Timothy Carney of the Washington Examiner rejects much conventional wisdom about Democratic primary voters and caucus participants.

Political journalists and commentators always put too much emphasis on policy and ideology. Often, that’s the only way they know how to speak about politics. But it leads us to misunderstanding the political landscape.

In the current Democratic presidential race, the main misperception is that there are two “lanes”: a moderate lane and a progressive lane. This leads analysts to assume that if Elizabeth Warren drops out, her supporters go to Bernie Sanders, because both are on the Left. …

… But regular voters aren’t as policy-focused and as ideological as we Beltway denizens assume. Identity politics and class allegiance often matters much more than Medicare policy. …

… Look at the numbers, and you’ll see it’s true.

According to New Hampshire exit polls, among union households, the top two candidates were Joe Biden and Bernie Sanders. Warren bombed among those with no college degree (6%), whereas Sanders dominated in that group.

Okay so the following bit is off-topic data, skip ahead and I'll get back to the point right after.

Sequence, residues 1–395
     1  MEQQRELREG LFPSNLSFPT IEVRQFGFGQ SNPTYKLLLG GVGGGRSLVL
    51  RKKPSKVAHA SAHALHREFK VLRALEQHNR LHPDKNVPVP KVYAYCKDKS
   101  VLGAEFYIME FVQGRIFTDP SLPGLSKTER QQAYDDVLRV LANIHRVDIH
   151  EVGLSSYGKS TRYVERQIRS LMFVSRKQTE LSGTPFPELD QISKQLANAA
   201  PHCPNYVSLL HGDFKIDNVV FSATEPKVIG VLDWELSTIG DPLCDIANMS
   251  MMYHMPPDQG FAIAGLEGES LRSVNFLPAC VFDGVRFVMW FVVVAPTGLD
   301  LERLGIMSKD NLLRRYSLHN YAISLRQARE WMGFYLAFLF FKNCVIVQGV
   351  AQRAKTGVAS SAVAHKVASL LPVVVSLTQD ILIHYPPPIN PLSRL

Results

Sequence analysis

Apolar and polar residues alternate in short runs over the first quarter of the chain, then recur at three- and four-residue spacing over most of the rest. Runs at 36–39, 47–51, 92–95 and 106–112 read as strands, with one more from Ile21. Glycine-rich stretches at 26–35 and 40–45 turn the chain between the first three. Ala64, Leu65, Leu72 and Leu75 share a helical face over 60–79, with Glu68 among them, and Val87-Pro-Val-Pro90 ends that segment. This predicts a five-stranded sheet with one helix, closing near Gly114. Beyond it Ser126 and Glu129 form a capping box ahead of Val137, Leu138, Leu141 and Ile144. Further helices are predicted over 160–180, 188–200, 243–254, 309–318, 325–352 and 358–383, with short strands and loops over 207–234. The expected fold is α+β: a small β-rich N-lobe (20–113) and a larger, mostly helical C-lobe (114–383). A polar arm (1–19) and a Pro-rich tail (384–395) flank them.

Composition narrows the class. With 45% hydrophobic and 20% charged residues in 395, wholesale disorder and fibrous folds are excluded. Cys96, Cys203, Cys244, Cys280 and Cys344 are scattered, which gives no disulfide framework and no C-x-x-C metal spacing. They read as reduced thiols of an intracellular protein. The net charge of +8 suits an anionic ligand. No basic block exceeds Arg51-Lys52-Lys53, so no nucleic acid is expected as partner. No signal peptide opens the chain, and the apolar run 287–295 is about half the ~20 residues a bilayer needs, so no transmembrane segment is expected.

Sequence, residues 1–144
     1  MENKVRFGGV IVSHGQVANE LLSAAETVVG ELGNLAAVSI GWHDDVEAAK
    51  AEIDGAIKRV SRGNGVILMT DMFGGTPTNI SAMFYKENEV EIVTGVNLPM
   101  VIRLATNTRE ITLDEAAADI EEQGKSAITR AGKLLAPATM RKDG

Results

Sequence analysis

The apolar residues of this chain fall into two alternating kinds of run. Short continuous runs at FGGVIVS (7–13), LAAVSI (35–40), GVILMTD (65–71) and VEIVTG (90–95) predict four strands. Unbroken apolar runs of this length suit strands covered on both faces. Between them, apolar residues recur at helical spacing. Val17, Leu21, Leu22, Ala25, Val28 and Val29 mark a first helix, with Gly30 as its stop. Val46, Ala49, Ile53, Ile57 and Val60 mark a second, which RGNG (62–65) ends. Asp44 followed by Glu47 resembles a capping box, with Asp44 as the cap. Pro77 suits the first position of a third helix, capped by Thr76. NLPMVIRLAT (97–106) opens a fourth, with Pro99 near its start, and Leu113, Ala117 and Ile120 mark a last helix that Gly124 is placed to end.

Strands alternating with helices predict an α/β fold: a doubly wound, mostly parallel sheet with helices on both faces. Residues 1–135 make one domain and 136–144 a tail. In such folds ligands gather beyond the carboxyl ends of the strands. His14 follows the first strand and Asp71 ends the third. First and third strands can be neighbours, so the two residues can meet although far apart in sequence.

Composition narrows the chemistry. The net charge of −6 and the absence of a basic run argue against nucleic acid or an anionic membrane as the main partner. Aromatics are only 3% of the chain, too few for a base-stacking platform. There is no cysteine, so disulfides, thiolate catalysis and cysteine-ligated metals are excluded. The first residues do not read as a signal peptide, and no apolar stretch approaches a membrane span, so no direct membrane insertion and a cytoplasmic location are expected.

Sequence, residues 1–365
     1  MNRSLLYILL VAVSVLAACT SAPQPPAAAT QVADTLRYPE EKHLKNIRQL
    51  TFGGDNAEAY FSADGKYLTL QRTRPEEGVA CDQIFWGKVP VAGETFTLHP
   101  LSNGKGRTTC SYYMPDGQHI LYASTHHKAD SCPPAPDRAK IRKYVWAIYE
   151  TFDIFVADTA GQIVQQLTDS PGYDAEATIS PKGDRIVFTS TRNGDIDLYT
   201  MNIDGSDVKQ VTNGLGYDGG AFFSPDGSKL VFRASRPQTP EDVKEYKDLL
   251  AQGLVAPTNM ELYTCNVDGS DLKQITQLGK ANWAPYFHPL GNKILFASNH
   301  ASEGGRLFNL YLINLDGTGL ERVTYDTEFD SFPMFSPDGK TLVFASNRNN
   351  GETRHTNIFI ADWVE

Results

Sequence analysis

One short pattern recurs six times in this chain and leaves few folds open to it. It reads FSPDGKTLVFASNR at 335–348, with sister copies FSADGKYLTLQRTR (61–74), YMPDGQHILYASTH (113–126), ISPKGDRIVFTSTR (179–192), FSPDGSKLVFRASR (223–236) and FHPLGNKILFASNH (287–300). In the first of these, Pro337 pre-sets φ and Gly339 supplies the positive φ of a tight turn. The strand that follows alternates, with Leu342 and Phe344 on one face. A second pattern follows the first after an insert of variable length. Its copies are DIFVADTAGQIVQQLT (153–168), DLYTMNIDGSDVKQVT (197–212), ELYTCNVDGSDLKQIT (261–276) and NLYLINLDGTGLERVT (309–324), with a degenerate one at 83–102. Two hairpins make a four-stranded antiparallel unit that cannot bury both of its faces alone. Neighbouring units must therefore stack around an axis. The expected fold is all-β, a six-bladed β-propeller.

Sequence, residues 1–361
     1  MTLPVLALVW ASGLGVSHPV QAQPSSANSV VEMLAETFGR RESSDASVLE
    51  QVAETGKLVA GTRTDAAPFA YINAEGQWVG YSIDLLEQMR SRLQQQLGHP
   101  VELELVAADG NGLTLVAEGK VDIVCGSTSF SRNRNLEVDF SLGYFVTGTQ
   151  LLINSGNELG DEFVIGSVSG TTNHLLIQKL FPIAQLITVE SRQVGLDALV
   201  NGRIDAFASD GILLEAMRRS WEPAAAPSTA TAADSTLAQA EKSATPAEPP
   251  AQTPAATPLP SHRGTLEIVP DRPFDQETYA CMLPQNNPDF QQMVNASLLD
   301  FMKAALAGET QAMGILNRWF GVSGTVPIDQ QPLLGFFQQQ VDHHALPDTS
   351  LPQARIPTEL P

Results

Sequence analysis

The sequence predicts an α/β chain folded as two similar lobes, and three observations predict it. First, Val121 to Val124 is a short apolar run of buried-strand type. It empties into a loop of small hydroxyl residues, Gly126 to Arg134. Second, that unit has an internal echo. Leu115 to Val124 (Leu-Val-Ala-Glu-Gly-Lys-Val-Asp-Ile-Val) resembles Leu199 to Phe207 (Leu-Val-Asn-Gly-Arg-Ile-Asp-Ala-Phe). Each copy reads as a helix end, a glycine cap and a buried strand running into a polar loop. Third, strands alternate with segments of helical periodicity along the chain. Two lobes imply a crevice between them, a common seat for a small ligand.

Go back to when Warren was the frontrunner in Iowa, she was dominating among the college-educated crowd. She lost Iowa, because that crowd moved to Buttigieg.

About half of Warren’s Iowa supporters this year were Hillary supporters four years ago, suggesting that what they like is white Baby Boomer women. Early New Hampshire numbers suggest Warren lost a lot of support to Klobuchar, the most moderate of the remaining candidates, but also a white woman.

So if Biden drops out, much of his working-class support will go to Sanders. If Warren quits, her college-educated supporters will go to Buttigieg and Klobuchar. The lanes aren’t ideological.